I got a nice variety of flavours to try including the very aromatic ‘Crave’, and the ‘Jungle’ which has a nice nutty biscuit twang to it. The ‘Winter Almond’ flavour has been really producing this winter in the UK for carp and it is another which I think the tench might have a liking for whilst some old faithfuls like Scopex, Strawberry and Pineapple should also work a treat. The texture is such that it will definitely stay on the hook well enough to fish the margins and I have also made up some coil rigs to try on the feeder rods which should be interesting. Before the tench do walk up from their slumber though I hope to hit the Lough in Cork for some early season carping and I will certainly incorporate the them on one of my bottom baits.

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On a final note, I sent Korum a mail last week asking if they sold the locking nuts for the accessory chair attachments separately as I couldn’t find any online. I had lost a few on my travels last year somewhere along the line which rendered my attachments useless. I had tried with some bolts I got in the local hardware store but they didn’t work out. They asked my for my address and said they would send some of free of charge. The post man arrived to the door this morning with a pair of them in a jiffy bag which has saved me having to go out and buy new attachments for the chair. Big thumbs up to whoever it was in the Korum office who sorted that out for me. Cheers…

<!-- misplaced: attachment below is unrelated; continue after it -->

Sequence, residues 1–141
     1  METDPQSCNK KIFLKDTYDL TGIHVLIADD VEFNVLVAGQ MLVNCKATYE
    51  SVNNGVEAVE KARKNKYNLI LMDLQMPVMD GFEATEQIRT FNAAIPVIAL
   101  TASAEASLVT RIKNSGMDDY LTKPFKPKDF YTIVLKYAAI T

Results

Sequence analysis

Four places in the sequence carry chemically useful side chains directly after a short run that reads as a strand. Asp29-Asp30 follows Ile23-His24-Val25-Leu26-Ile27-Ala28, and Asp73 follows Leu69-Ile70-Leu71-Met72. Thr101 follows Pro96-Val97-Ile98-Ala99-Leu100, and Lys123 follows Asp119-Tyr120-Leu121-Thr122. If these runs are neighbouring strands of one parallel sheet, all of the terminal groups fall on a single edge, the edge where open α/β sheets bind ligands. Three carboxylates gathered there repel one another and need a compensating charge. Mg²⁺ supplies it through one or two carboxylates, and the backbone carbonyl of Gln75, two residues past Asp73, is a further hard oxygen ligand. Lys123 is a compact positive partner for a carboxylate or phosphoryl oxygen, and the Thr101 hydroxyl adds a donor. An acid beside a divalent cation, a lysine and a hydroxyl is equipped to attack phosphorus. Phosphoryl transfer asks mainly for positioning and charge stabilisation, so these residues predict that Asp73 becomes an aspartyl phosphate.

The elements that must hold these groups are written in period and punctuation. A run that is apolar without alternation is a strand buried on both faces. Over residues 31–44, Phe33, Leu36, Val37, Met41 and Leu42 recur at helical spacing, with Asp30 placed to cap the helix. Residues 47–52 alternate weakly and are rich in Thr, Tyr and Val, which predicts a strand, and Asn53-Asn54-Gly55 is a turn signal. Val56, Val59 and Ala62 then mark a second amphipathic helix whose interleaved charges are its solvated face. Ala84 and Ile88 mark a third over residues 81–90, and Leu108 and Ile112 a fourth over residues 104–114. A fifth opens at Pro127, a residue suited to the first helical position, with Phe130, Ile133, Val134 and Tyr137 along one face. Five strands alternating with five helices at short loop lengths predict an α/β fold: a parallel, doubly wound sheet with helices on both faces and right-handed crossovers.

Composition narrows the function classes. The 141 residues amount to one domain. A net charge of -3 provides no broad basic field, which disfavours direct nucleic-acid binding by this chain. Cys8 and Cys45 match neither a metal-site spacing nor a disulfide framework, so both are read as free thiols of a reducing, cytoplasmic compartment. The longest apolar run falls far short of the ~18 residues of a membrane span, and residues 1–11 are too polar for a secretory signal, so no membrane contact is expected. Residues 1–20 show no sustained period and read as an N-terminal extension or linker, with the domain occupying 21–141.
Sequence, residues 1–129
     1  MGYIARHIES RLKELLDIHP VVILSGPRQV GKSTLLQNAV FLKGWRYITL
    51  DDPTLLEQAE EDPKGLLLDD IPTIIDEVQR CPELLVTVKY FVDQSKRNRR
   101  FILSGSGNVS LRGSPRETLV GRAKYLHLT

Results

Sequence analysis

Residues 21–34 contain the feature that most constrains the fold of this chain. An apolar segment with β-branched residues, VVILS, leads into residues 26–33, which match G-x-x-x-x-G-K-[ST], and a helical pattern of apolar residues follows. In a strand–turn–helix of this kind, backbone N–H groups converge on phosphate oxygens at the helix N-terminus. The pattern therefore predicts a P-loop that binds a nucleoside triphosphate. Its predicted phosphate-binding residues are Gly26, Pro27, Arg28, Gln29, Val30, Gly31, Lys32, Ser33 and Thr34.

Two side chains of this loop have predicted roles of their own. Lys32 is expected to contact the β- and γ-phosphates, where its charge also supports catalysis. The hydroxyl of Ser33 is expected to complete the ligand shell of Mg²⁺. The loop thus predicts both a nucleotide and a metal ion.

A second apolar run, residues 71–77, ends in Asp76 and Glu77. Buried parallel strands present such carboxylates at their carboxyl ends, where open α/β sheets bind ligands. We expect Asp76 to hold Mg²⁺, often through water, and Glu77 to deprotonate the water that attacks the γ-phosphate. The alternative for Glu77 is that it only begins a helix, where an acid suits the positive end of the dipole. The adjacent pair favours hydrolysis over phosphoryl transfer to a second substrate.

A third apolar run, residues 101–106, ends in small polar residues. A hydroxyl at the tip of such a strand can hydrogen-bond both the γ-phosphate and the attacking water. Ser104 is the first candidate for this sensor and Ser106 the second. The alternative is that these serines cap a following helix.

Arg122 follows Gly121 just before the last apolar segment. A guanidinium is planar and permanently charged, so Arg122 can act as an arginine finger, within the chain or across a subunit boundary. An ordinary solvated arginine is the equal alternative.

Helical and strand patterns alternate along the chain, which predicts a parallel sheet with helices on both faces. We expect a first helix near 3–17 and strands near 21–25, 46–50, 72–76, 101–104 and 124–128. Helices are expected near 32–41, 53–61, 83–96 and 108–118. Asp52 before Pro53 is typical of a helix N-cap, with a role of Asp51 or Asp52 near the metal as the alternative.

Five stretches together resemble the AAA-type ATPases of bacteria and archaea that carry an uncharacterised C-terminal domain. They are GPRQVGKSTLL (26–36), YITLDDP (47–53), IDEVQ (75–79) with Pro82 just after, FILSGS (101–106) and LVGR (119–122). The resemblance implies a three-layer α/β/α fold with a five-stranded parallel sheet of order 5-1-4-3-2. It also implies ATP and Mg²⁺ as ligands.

As I am writing this the forecast snow has just started and the temperatures have really dropped in the last 24 hours. This might slow the fishing down even further but as long as the rain stays away I don’t mind too much at all. I think we just need a week or two of dry weather and this could improve prospects no end.  At least my wee girl Pippa is happy at the sight of it arriving..